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How many languages do you think someone can really be fluent in or reach complete fluency in?

Is there really a set number the brain can learn? I hear it gets easier to learn languages once you’ve learned one- but does your memory not grow tired? How many languages could one actively learn simultaneously? I'm currently learning two languages at the same time, but I really am considering adding yet another one on top of that. What do you think? Especially for regular 9-5 working people, realistically speaking. I want to be able to know 4 or 5 languages at native level at most throughout my life and just maintain that. Understanding classic literature, being able to write fairly well (blog posts, creative writing, etc), understanding most of the things you hear and being able to speak as well as a native. I currently only know English and Swedish and a bit of French. I know it’s not a particularly good idea(albeit tempting) to jump into another language already or even thinking about it and I won’t jump into anything until I’m fluent in French. I’m considering learning Dutch and Italian later. Is it feasible to learn and maintain these languages in the way in which I described? Do you reckon I’ll mess up and mix up the languages a lot? Are there any other complications I may encounter? How many languages do you consider to be the 'sweet spot' for long term? On average, how much time per day do you use to actively study a new language? What about passively? And for those who are fluent in a second language; how long did it take to reach fluency? I spent between 10 minutes to 3+ hours a day for a whole year on Duolingo trying to learn Spanish but was unsuccessful. Often I would feel burnt out after spending so many hours a day and still feeling like I was getting nowhere. I think my biggest problem is my own psyche when it comes to knowing how much I'll mess up when I try speaking the little bit I do know. For those learning French and native French speakers; What are some of the more popular podcasts, youtube channels, twitch streams, books, etc. that you have found the most beneficial or entertaining? Every time I look up French podcast it is always a "repeat after me" type of learning podcast, but I don't want that. Did you study a language in school? Did it work?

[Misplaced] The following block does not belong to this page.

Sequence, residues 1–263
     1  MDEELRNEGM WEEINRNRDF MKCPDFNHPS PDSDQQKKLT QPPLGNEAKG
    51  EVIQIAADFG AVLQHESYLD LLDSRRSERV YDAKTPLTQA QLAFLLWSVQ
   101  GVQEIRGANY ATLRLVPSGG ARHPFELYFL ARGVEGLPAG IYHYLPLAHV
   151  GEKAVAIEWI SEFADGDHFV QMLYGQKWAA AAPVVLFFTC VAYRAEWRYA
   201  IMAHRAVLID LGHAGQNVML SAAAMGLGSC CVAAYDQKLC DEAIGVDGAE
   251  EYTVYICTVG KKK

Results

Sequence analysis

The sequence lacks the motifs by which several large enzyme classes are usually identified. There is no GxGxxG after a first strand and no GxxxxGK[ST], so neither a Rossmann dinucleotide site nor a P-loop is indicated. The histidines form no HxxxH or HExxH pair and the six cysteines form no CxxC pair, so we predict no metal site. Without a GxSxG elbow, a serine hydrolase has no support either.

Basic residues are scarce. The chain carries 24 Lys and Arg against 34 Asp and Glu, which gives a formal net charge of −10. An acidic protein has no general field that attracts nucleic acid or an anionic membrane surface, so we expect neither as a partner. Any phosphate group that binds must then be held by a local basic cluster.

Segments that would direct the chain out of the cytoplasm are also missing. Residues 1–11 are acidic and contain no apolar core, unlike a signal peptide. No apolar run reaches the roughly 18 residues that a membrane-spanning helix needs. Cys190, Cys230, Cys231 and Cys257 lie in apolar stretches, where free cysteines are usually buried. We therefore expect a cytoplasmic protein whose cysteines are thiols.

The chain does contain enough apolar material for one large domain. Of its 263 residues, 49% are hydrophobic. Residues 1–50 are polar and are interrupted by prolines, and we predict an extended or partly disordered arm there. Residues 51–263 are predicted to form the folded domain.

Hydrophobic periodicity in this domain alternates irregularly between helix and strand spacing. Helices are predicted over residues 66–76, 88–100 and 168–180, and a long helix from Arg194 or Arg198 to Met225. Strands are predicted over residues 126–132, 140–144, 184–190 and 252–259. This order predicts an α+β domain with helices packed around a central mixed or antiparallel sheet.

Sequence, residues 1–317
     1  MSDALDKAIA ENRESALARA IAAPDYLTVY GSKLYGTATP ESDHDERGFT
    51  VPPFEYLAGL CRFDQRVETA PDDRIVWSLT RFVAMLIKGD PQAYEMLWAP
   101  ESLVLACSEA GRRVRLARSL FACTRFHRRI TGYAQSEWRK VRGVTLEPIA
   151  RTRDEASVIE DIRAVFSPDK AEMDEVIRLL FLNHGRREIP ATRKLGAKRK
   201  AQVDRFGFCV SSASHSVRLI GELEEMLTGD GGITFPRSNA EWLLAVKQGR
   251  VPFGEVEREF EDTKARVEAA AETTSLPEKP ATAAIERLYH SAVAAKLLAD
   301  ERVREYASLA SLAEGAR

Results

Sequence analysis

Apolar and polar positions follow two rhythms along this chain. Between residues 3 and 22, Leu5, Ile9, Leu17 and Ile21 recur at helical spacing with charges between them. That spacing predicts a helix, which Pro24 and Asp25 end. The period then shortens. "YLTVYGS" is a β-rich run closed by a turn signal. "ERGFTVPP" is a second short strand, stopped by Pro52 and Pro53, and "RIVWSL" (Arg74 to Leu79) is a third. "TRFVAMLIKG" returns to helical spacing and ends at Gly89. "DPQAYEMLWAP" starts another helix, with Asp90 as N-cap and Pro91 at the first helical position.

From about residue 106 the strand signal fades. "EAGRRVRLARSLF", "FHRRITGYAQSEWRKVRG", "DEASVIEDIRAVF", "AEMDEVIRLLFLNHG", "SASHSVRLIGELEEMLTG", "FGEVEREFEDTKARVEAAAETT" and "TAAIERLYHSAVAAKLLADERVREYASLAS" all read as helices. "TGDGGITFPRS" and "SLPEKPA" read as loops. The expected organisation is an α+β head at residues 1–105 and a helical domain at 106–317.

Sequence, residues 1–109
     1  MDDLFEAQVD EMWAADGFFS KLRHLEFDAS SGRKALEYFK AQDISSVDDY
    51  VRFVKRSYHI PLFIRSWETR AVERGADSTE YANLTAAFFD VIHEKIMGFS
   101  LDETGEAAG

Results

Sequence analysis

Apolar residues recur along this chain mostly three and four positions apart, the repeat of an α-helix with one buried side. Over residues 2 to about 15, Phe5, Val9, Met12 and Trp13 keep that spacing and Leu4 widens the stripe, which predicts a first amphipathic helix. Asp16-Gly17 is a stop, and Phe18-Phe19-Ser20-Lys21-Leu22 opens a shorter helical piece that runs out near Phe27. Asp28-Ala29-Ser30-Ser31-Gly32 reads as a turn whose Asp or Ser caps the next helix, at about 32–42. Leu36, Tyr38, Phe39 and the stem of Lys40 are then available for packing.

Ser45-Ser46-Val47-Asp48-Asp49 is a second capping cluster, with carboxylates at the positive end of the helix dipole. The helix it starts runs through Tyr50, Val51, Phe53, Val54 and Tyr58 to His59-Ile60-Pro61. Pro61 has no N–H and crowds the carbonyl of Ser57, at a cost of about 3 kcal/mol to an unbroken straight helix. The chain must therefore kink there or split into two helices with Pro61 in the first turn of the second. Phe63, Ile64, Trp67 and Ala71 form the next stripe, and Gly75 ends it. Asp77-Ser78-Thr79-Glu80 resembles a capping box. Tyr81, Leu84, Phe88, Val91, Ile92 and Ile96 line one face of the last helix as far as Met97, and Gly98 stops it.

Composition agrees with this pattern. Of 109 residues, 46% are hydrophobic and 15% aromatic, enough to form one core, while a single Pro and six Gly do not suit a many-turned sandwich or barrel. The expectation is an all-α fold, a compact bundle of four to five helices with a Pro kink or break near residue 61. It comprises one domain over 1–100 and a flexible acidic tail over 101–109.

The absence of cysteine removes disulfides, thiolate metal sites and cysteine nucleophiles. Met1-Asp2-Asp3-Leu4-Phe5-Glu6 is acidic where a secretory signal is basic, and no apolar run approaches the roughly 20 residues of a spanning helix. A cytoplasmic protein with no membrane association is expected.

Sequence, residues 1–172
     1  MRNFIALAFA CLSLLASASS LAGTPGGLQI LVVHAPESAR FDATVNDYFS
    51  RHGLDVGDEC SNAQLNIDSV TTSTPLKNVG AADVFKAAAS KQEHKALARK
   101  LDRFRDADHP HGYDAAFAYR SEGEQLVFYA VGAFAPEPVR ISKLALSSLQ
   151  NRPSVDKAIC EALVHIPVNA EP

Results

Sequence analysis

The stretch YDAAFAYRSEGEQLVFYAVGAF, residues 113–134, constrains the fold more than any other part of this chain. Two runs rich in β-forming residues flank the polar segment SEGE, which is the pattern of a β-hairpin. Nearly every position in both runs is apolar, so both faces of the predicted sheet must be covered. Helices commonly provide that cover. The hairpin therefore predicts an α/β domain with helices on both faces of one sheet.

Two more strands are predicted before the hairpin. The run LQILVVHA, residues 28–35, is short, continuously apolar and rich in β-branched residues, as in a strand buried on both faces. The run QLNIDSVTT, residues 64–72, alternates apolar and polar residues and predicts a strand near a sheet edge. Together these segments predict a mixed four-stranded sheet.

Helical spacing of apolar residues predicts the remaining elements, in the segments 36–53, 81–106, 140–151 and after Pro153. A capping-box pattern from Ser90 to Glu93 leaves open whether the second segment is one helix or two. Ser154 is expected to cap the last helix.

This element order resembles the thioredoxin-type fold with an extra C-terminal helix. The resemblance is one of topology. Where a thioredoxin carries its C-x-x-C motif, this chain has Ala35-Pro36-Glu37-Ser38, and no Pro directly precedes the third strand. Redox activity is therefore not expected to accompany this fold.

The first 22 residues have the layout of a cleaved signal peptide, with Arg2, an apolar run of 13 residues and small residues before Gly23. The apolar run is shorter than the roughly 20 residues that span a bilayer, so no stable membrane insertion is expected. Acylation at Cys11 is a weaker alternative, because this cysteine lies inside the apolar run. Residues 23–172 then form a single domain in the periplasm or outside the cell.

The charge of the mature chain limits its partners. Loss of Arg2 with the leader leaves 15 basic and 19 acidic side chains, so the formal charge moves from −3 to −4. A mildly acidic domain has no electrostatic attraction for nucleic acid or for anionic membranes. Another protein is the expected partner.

In the previous thread discussing language achievement, I kept reading stories about people who got good grades while studying French and Spanish, and somehow ended up not understanding a word of either afterwards. This reminded me of an anecdote from the man behind the Hustler's MBA, talking about his time studying Japanese at Stanford. He claimed that free online websites were a hugely more efficient way of studying Japanese than the method used at Stanford, making me wonder what was so poor about the technique used at Stanford. Given that there free and effective ways of learning languages, how does even Stanford keep failing to do so? What about language learning as done schools and colleges make them fail so badly? Is there something about language learning that is extremely unsuited to classroom teaching, or do people just accept a system working as poorly as it's clearly doing? How many of you have successfully learned a language through self study? I've met tons and tons of people who start up duolingo, or take a summer class or two, and never get anywhere. Lots of people get bored, give up, or study little bits of many languages and never achieve utility in one. The only people I know who successfully learned a foreign language on their own were either: Already reasonably proficient in an L2, so they sort of already knew how to go about language study (so they learned their L3 on their own but not their L2), in an immersion environment. So anyways, if you successfully taught yourself an L2 and don't fall into those previous two camps...share your stories! Especially if you're American, because I've never met an American who taught themselves their L2 (they have to exist though...). Also, I realize successfully is a subjective term...let's just say to a level where you could have lengthy conversations with a native speaker, watch the news, read a book for enjoyment, etc. Do most students really become fluent in a new language after taking it for four years in university? When you major in a language in university, you are expected to go from beginner in first year to analyzing a novel in fourth year. Does this system of education really ensure that students graduate with fluency skills in their language? How many languages are you fluent in? How many were you made to learn?